Mortise Chisel Handles

I’m Following up on a recent Twitter discussion (you can follow me @HKToolCo ) on making handles for traditional British “pigsticker” mortise chisels. I promised I would dissect one to see how the handles were attached. Granted, this is just one example, but I think it’s good evidence.

Here is the subject: a Marples 3/8in pigsticker with a broken handle.

Broken Mortise Chisel Handle
Broken Mortise Chisel Handle (click for larger)

The handle broke along the grain due to an off-center blow from  a mallet. Judging by the mushrooming on the end of the handle it was used to being hit very hard. This handle didn’t have perfectly straight grain- it had some run-out along one edge. If you are making mortise chisel handle make sure to use riven stock and watch the grain!

Removing half the handle and leaving the bit in situ we see this:

Chisel Handle Cross-Section
Chisel Handle Cross-Section (click for larger)
Closeup of Cross-Section
Closeup of Cross-Section (click for larger)

There are a couple of things to note here: First, the hole in the handle is tapered . It is a rectangular hole to match the tapered rectangular tang of the blade. It was not bored with a drill, there are chisel marks or similar along the edges of the mortise. Also, the sides of the hole don’t match the taper of the tang perfectly. The tang has barbs cut into the corners of the soft steel tang with a chisel. These help prevent the tang from coming loose.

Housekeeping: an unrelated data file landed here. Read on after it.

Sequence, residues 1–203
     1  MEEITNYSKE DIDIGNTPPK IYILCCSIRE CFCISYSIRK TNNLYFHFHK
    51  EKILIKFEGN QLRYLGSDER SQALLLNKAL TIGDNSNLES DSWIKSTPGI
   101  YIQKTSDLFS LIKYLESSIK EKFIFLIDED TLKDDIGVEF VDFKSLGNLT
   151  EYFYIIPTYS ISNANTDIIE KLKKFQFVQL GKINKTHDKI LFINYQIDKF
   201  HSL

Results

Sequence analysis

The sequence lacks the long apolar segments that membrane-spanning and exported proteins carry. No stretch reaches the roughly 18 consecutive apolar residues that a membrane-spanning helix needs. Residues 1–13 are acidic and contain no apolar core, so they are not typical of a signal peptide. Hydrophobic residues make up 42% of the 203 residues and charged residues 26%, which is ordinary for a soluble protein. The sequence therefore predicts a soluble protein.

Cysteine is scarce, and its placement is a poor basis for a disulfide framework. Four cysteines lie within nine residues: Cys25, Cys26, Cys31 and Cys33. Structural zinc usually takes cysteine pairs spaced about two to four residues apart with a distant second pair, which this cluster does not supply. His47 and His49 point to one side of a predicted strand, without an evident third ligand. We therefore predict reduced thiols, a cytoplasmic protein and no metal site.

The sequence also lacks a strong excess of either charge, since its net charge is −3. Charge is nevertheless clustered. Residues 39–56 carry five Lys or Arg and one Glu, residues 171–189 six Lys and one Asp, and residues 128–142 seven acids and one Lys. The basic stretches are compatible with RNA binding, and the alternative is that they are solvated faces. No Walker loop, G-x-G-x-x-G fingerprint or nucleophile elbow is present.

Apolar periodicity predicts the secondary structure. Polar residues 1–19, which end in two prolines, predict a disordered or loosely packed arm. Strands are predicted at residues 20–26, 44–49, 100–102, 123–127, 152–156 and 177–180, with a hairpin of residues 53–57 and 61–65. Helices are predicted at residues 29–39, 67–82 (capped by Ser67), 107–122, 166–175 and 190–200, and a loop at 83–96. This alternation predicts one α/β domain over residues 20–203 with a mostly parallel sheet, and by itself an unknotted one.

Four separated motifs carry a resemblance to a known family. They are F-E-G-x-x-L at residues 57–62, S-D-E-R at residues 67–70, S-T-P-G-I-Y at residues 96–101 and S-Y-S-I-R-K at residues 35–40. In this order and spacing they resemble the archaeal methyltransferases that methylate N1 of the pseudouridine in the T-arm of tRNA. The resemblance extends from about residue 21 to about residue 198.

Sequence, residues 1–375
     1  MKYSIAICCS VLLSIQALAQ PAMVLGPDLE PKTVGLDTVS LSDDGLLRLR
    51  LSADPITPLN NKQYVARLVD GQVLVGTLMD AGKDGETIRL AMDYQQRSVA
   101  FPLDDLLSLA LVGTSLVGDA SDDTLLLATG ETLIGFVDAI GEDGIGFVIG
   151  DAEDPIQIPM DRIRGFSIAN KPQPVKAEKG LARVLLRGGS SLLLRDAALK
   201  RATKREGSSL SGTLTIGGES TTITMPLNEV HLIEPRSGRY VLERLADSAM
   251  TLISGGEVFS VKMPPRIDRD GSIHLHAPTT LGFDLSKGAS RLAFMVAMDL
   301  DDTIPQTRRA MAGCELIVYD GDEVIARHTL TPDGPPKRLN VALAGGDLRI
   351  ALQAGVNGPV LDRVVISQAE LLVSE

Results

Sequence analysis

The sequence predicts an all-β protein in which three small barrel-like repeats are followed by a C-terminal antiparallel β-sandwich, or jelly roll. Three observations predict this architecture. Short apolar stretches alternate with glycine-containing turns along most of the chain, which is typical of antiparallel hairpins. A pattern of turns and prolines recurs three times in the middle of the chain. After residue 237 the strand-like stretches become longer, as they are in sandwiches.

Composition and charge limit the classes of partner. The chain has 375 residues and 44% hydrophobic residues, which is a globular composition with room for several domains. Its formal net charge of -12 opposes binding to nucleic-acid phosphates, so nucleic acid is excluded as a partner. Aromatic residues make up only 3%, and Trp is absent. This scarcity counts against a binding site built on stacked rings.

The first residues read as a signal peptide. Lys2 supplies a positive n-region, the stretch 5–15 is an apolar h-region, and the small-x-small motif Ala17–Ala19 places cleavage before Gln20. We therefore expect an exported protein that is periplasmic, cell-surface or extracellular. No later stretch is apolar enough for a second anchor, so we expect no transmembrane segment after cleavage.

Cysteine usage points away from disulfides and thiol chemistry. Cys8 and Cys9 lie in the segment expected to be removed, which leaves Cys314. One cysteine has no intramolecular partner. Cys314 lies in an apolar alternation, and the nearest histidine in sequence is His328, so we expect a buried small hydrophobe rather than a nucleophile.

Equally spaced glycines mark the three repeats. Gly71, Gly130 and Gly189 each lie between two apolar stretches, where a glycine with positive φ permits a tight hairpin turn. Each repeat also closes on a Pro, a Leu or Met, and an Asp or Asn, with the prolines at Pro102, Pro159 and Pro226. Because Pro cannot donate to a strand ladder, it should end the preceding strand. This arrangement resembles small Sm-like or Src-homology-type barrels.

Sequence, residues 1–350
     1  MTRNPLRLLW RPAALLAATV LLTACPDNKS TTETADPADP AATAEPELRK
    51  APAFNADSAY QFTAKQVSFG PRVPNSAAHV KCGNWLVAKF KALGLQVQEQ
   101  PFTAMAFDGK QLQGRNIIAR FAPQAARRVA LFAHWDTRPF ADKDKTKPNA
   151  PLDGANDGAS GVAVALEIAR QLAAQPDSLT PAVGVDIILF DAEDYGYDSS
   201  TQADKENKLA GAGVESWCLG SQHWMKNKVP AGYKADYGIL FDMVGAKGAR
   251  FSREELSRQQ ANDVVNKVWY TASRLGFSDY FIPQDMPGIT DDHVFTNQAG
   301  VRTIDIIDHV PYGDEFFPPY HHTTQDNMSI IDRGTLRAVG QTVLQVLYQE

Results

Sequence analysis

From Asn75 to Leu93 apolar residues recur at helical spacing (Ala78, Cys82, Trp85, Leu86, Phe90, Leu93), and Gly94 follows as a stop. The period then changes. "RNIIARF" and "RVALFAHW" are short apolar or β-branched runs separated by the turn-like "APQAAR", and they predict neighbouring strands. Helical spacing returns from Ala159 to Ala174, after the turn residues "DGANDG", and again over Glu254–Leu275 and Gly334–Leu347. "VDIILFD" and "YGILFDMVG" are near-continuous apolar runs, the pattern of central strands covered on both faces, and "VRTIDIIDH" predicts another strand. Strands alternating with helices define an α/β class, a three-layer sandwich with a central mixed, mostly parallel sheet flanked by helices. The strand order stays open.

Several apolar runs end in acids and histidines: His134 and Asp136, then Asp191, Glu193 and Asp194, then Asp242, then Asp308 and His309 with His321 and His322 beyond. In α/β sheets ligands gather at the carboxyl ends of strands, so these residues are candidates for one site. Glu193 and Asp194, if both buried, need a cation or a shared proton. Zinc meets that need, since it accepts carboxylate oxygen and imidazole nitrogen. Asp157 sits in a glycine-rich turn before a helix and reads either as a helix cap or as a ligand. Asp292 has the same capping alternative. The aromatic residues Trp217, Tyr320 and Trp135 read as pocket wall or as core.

Mortise Bottom
Mortise Bottom

The bottom of the mortise is packed with what appears to be sawdust mixed with some sort of glue. it did not cut well with a chisel and was certainly not solid well. It had formed to the bottom of the tank. That, combined with the barbs on the tang made it very hard to remove.

Chisel Removed: Evidence of a Burned-In Tang
Chisel Removed: Evidence of a Burned-In Tang

With the chisel removed it’s clear there is evidence of charring along the edges and in the glue/sawdust bed at the bottom. I’d bet that the tang was heated and burned-in to the handle.

Dissection complete. Again, it’s just one example but it provides a good starting point for anyone looking to re-handle a vintage mortise chisel.


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